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Shaquille O'Neal joins LeBron James in Cleveland

CLEVELAND - One is the King, a reigning MVP who at age 24needs only a championship to complete his resume. The other is alarger-than-life personality who may be past the prime of hiscareer but remains an undeniable force and hungers for a fifth NBAtitle.

LeBron and Shaq. Teammates.

The Cleveland Cavaliers executed a blockbuster trade Thursday tounite the superstars, acquiring Shaquille O'Neal from the PhoenixSuns in hopes he can help LeBron James deliver this seeminglysports-cursed city its first major pro championship in 45 years.

The deal creates a tandem that instantly rivals any in sportstoday and calls to mind some of the great duos in NBA history:Michael Jordan and Scottie Pippen, Magic Johnson and KareemAbdul-Jabbar, Bob Cousy and Bill Russell, Shaq himself and KobeBryant.

More important, if Cleveland's gamble works and the 37-year-oldO'Neal delivers a title, it could keep James around. James is anAkron native, knows Cleveland's pained sports history and hasalways maintained he wants to stay in his home state, but there isno guarantee he will sign an extension with the Cavs. Cleveland canoffer him one as early as this summer.

But that's for another day.

Hours before an NBA draft that figured to be overshadowed by theShaq-to-the-Cavs move, the reality of James playing with O'Neal, a15-time All-Star, was just sinking in.

"Shaq is an incredible ballplayer and a four-time NBAchampion," James said in a statement sent to The Associated Press."I have a lot of respect for him and his game. It will be a realhonor to play with Shaq as my teammates and I look forward toanother great season with the Cavs."

The Cavs sent center Ben Wallace and swingman Sasha Pavlovic tothe Suns, along with a second-round pick in the 2010 draft and$500,000 in cash, for O'Neal, the 7-foot-1 center who won threestraight titles from 2000 to 2002 with Bryant and the Los AngelesLakers. His fourth title came with Dwyane Wade in Miami in 2006.

The teams first talked about a deal in February but couldn'twork out an agreement before the deadline, a missed opportunitythat cost the Cavaliers in this year's playoffs when they had noanswer inside for Orlando center Dwight Howard in the EasternConference finals.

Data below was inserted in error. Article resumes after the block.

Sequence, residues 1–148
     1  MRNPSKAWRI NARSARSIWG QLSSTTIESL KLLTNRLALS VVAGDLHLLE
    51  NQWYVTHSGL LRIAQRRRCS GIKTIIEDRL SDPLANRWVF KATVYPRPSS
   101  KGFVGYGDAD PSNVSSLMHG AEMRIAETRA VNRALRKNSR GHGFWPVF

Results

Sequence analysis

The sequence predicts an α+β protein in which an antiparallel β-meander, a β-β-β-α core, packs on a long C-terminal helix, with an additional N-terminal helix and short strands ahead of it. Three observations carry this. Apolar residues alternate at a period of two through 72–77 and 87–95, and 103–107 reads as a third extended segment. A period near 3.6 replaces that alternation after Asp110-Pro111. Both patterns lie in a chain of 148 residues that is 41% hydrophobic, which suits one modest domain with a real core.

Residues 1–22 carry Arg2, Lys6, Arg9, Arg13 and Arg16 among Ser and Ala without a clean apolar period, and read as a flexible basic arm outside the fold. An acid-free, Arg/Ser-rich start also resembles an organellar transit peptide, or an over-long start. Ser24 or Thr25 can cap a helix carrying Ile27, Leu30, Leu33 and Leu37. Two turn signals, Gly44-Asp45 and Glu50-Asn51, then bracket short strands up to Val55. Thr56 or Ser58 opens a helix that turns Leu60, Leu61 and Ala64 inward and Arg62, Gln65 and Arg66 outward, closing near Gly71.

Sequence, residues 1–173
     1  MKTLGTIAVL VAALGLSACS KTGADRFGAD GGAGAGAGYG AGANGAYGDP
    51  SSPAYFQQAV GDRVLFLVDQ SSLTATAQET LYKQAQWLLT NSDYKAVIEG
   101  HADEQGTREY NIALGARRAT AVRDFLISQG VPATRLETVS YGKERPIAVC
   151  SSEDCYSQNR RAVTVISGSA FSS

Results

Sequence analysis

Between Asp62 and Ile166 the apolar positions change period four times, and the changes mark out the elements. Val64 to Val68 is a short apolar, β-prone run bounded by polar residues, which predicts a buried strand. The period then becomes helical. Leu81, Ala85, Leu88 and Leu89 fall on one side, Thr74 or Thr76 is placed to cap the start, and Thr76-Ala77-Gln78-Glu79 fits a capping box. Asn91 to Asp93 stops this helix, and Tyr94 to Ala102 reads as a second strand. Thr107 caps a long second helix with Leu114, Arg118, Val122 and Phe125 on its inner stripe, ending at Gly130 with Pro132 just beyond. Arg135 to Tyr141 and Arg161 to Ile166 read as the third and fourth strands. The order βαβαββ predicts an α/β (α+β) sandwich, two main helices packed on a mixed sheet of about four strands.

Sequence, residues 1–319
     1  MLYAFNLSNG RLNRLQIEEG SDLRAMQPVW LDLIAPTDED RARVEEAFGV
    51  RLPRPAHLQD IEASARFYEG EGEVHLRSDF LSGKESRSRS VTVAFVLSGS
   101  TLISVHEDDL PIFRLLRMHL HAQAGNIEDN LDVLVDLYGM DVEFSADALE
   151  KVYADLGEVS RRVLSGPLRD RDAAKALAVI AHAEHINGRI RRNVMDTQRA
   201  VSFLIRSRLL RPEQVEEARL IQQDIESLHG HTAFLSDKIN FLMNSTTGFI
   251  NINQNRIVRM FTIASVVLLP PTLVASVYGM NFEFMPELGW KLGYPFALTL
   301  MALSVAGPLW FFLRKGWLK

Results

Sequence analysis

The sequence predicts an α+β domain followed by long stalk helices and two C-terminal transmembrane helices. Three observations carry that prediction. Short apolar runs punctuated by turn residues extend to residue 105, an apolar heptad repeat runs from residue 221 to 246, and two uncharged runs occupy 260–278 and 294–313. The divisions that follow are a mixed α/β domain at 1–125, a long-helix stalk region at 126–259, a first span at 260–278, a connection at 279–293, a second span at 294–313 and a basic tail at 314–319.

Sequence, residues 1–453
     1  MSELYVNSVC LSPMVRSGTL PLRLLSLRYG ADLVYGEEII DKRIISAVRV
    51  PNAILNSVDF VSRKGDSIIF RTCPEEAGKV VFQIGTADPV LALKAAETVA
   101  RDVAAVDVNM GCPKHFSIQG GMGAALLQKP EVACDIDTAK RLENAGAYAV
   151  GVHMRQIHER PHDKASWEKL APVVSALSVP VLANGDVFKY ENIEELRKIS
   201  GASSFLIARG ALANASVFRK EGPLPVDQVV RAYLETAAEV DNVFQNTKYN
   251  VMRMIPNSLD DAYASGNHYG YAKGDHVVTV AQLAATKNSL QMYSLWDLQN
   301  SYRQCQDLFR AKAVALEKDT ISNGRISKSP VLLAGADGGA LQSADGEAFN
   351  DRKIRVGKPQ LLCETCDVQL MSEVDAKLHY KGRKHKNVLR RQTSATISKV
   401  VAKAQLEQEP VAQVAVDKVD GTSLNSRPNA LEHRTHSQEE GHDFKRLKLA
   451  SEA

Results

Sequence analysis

After the Cavaliers were eliminated with a Game 6 loss, afrustrated James stormed off the floor in Orlando without shakingthe hands of any Magic players, including Howard, his U.S. Olympicteammate.

Cleveland general manager Danny Ferry and Phoenix GM Steve Kerr,former teammates and close friends, never closed the book on theO'Neal deal and finally reached an agreement early Thursdaymorning.

Ferry completed the deal because he wants to win a title. Now.

"Our goals are aligned with what our players want, includingLeBron, and that's to win a championship and win it next year,"Ferry said. "We don't want to be patient. We want to be a teamthat has sustainable success. We want to be a team like we werethis year when if you don't win a championship you lose some sleep.

"But at the same time we want to be more than that. We want tobe the team that wins it. This was a move made towards puttingourselves in better position next season."

For sheer celebrity value, the O'Neal-James tandem is ascaptivating as any on the sports landscape. And if it works, andlasts, the pairing may one day belong in the same company as someof the all-time combinations: Mickey Mantle and Roger Maris, SandyKoufax and Don Drysdale, Joe Montana and Jerry Rice.

For now, the Cavaliers, who came up short this year despitewinning 66 regular-season games and their first eight playoffgames, are only thinking of unseating the Lakers as champions nextJune.

O'Neal could be the missing piece. But there's no guaranteehe'll stay healthy, and it's way too early to know what impact hisarrival will have on Cleveland coach Mike Brown's offense or theCavs' chemistry -- or whether he and James, who have been friendsfor several years, can coexist.

Ferry said he isn't worried about there being any kind ofpersonality clash between the megastars.

"They both badly want to win," Ferry said. "Our team andorganization want to win. With that leading it, everything else isgoing to work out."

O'Neal is coming off an All-Star season with the Suns, averaging17.8 points and 8.4 rebounds in 75 games, but there were times heclogged Phoenix's high-powered offense under coaches Mike D'Antoni,Terry Porter and Alvin Gentry. Still, the 7-foot-1, 325-pounder canbe a defensive stopper.

"He is a force," Ferry said. "Always has been, still is. He'sa wall around the basket -- a tall, long wall. Offensively, he'sgoing to get double teamed. He's a good passer. He's a greatreceiver. ... He's a smart basketball player and he's a guy thatour guys will respect. I think it's going to work very well."

The Shaq experiment failed in Phoenix. The Suns won one playoffgame in O'Neal's season and a half, and this spring the Suns failedto make the playoffs for the first time since 2004.

Ferry, who said O'Neal's arrival could push longtime startingcenter Zydrunas Ilgauskas to a backup role, is convinced O'Nealwill be able to adjust to Cleveland and vice versa.

"Phoenix played a different way when they had him," he said."It was a drastic change. We're more of a half-court team. We playmore of the tempo that fits Shaq's game."

The Suns got little in return for O'Neal, but the deal givesthem financial flexibility in the future. All told, they will save$10 million.

The 34-year-old Wallace, who after the season said he mayretire, is in the final year of a $14 million deal while the Sunsplan to buy out Pavlovic, who has $1.5 million of his $4.95 millioncontract guaranteed.

For the Cavs, up front costs are less important than a chance tofinally win it all.


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